A sideways look at economics
To the average punter, the G20 summit, which kicks off in Argentina today, sounds like a tedious and boring affair. I’m not saying that it isn’t but, with the leaders of the 20 most economically and politically powerful countries meeting in one place, it is a significant event. Deals will be made, treaties signed and the global agenda set. Yet from the outside, the conference might still seem a bit dull. To make it more interesting, and to help our clients understand* what’s going on, in this TFiF, I compare the leader of each G20 nation to a football coach. As is often the case for our Friday afternoon blog posts, this is intended to be light-hearted and fun: I don’t actually think that any of this is true, whatsoever. Unless, of course, it is, although I will be unable to confirm that.
Mauricio Macri (Argentina) — Jorge Sampaoli (ex-Argentina)
The fans loved them when they first took charge, but things started going pear-shaped quite quickly. Sampaoli’s handling of Messi at the World Cup has been compared to Mr Macri’s decision to issue a large amount of debt denominated in US dollars.
Scott Morrison (Australia) — Claude Puel (Leicester City)
The country’s economy, like the football team’s squad, is in decent shape. But neither leader can take much credit for that. Nobody on the outside really knows who they are.
Jair Bolsonaro (Brazil) — Sam Allardyce (ex-England)
It seems odd to compare Sam Allardyce, a guy known for boring football, to the incoming President of Brazil, a country whose beautiful, eye-catching style of play came to be known as the beautiful game. But when things get bad, some people think a hard man is needed to fix the problem. Allardyce will keep your team in the Premier League, but stamping out corruption, cutting the crime rate and stimulating a flagging economy is another thing altogether.
Justin Trudeau (Canada) — Roberto Martinez (Belgium)
Great guys. Fantastic dress sense. And some impressive achievements. But not everyone is happy about their open-door policies: Trudeau on immigration and Martinez on defence.
Xi Jinping (China) — Joachim Löw (Germany)
Both men have been in their jobs for a long time and can point to some impressive achievements. But will they overstay their welcome? My money is on the former sticking around longer than the latter.
Donald Tusk (European Union) — Rafa Benítez (Newcastle)
In that strange position of being really comfortable in the job, yet faced with a thankless task.
Emmanuel Macron (France) — André Villas Boas (ex-Zenit Saint Petersburg)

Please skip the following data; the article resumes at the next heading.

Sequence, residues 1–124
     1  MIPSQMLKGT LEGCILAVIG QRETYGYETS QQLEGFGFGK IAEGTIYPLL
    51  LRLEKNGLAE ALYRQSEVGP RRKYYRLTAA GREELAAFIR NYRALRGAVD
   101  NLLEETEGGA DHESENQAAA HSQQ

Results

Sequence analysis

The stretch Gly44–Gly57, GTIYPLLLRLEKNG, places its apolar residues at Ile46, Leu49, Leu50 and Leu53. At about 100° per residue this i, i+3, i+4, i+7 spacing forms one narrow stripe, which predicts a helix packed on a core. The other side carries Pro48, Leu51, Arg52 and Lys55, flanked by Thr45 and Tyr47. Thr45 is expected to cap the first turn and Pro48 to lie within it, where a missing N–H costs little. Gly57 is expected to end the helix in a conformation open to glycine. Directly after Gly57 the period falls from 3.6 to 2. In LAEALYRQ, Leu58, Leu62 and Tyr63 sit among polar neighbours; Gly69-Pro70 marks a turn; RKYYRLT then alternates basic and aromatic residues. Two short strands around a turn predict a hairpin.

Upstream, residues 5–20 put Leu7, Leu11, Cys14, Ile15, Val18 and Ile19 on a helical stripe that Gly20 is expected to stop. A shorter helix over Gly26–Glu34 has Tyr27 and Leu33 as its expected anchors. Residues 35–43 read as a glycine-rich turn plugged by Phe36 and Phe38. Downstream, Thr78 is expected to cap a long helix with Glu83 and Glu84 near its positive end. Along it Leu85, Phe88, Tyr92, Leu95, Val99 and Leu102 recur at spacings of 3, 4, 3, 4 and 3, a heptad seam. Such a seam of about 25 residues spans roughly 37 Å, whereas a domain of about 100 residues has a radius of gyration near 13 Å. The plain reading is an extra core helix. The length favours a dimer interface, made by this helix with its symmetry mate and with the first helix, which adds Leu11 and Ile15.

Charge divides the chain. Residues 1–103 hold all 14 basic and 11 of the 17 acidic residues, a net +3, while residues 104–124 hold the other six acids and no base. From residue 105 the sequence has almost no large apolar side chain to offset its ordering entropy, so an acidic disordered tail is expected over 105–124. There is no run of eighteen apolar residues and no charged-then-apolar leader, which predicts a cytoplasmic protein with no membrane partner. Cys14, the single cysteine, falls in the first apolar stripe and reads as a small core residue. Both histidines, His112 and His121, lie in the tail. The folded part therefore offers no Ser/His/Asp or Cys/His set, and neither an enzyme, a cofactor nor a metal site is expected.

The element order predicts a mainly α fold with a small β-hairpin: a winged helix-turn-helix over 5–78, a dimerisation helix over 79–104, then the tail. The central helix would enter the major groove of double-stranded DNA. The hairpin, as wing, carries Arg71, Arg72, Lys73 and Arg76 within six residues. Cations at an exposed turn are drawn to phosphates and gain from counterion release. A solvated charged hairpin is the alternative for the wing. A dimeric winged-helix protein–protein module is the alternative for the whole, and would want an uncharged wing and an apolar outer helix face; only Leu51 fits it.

Slick, suave and talk a great game. But what have they actually achieved?
Angela Merkel (Germany) —Arsène Wenger (ex-Arsenal)
A true European stateswoman and the manager of a football team. No comparison. Duh. Both earned widespread respect for their work, but the magic seemed to fizzle out in recent years.
Narendra Modi (India) — Kenny Dalglish (ex-Liverpool)
I was down the local pub the other week and heard a man compare Mr Modi’s banknote demonetisation plan to the signing of Andy Carroll for £35 million.
Joko Widodo (Indonesia) — Manuel Pellegrini (West Ham)
The fortunes of the rupiah and Indonesian government bonds have been a bit like West Ham’s form this season.
Giuseppe Conte (Italy) — Avram Grant (ex-Chelsea)
Has a very important job. But he’s clearly not calling the shots and nobody knew who he was before he got the job.
Shinzo Abe (Japan) — Gareth Southgate (England)
I seem to recall Mr Abe wearing a waistcoat when he visited India.
Andrés Manuel López Obrador (Mexico) — Ryan Giggs (Wales)
Vladimir Putin (Russia) — Roy Keane (ex-Sunderland)
Does this need an explanation?
Mohammed bin Salman (Saudi Arabia) — Maradona (ex-Argentina)
Temperament has been questioned. They also use a similar technique when responding to difficult questions, as highlighted by Maradona’s recent interview with a Mexican TV channel.
Cyril Ramaphosa (South Africa) — Marco Silva (Everton)
Highly-rated but has a job on his hands to clean up the mess left by his predecessor.
Moon Jae-in (South Korea) — Claudio Ranieri (Fulham)
Convincing North Korea to abandon its nuclear weapons programme would be an even more impressive achievement than winning the Premier League with Leicester City.
Recep Tayyip Erdogan (Turkey) — Fabio Capello (ex-Real Madrid)
Thwarted a dressing room rebellion.
Theresa May (UK) — Roy Hodgson (Crystal Palace and ex-England)
Most people grow up dreaming of becoming the Prime Minister or the manager of Crystal Palace. But this may be starting to change given the well-publicised challenges facing both in their respected roles. Brexit negotiations have been compared to England’s 2014 World Cup campaign.
Donald Trump (US) — José Mourinho (Manchester United)
Their detractors claim that both men take a short-term approach to management, with some suggesting that a multi trillion-dollar tax cut is the political equivalent of paying Alexis Sanchez £500k a week. Both men have been known to get into rows with journalists, but their fans still love them. The US President will hope to avoid the football coach’s well-known third season syndrome.
* Surely “to help distract our clients from what is going on”? —Ed.
This post is part of our Thank Fathom its Friday blog, in which we take a sideways, often light-hearted, look at economics. On a more serious note, Fathom provides a range of economic research and consultancy services, including economic forecasts, risk assessment, macroeconomic analysis and bespoke consultancy. For more information take a look at the rest of our website or contact firstname.lastname@example.org.